The trail was mostly easy to follow and even had three rest areas with simple wood beam benches. I looked back every once in a while and scanned the area since I've been warned that getting lost in Niue is a huge danger. The coral rocks are extremely sharp, and people who have lost the trail have had their shoes completely cut through trying to get across the coral rocks.
Since it was still pretty early, I decided I may as well continue on to Hikutavake where the Matapa Chasm and Talava Arches are. The trailhead for both were at the same place, and since I had time, I decided to do the longer trail to Talava, so off I went into the jungles of Niue.
After a short rest and rinsing off my wound, a nice local gave me some hydrogen peroxide paste that foamed up as I applied it to my wound. It was pretty cool, but later I found out that hydrogen peroxide is no longer recommended for wounds since it promotes scarring. Turns out the person who gave me the medicine is Keith Vial, commodore of the Niue Yacht Club.
The awesome thing about this pool is that it's home to sea snakes! These sea snakes (I think they are sea kraits) are thin and only about half a metre long. They were very curious and followed people around very closely, freaking out one girl there. I got up very close to some - they were so cute with their little rounded heads and the squiggly way they swam around!
Both pools had multiple freshwater springs flowing in. You can see the water flow from one such spring near the crack on the left of this picture. This caused both a very strong and thin thermocline in the pool along with a strong salinity change - cold fresh water was on the bottom, and warm salty water on top. The water was very clear above and below this layer, but everything is strongly distorted in the boundary layer. It was a very interesting effect, like I just woke up with a lot of crap in my eyes where everything looks blurry.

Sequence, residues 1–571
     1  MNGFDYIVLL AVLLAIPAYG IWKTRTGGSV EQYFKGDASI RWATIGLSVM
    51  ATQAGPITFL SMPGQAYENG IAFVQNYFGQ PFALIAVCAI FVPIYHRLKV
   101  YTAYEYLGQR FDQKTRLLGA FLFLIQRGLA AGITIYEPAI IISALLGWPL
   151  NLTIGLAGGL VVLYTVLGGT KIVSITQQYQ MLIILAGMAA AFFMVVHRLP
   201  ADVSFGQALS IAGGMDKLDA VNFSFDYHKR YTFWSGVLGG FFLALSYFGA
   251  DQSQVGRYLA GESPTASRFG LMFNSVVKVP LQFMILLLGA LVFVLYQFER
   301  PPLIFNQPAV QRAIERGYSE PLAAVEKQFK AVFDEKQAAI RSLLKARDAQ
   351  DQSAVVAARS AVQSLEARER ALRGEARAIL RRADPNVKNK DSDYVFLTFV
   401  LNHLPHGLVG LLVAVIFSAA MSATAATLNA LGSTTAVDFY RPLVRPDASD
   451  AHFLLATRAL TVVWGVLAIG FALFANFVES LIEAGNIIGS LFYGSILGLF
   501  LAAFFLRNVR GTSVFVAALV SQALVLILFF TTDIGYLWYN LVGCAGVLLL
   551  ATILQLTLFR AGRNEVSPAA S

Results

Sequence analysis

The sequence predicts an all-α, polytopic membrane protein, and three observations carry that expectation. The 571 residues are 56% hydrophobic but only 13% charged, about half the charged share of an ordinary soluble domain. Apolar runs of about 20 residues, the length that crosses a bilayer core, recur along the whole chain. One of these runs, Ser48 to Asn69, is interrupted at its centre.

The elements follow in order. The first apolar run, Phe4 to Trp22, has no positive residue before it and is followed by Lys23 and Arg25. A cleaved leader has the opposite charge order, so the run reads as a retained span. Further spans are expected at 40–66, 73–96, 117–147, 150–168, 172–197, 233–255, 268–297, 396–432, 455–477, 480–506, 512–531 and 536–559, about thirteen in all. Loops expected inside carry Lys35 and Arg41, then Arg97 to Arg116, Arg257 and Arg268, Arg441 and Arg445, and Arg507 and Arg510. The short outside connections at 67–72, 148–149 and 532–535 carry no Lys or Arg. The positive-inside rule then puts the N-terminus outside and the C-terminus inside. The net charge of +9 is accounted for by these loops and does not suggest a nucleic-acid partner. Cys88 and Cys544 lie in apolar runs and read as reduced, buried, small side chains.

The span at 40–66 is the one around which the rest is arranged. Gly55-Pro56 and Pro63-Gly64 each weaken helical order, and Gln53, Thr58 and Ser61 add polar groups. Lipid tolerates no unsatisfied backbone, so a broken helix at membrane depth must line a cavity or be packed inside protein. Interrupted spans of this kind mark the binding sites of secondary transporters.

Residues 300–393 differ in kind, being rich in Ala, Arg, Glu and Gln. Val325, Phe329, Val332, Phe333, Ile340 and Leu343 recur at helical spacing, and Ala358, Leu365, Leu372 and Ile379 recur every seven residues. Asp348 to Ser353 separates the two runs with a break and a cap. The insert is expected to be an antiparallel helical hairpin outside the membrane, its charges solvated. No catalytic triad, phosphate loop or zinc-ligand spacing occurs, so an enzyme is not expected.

About to go for a snorkel in the second pool! It seemed possible to swim through the arch as the waters there seemed pretty deep, but since it is high tide, it was a bit turbulent and the waves were pounding pretty hard just outside the arch. I didn't want to risk even more injuries so early in to my trip to Niue!
The second pool has a cool arch in it! Speaking of Niuean geography, there also appears to be a popular belief here (at least one sold to visitors) that Niue is wider on the top than the "column" of rock supporting it below. I keep envisioning what would happen if the column snapped and the island just toppled into the ocean.
A small ladder leading down to the second pool. Niue is know as the "rock of Polynesia" as its geography is nearly made up completely of uplifted coral rock, and has only a couple of small sandy beaches. It must have taken a long time for so much coral rock to form.
There were a few people around, and one of them told me that there was another pool at the end of a short rocky trail through some bushes.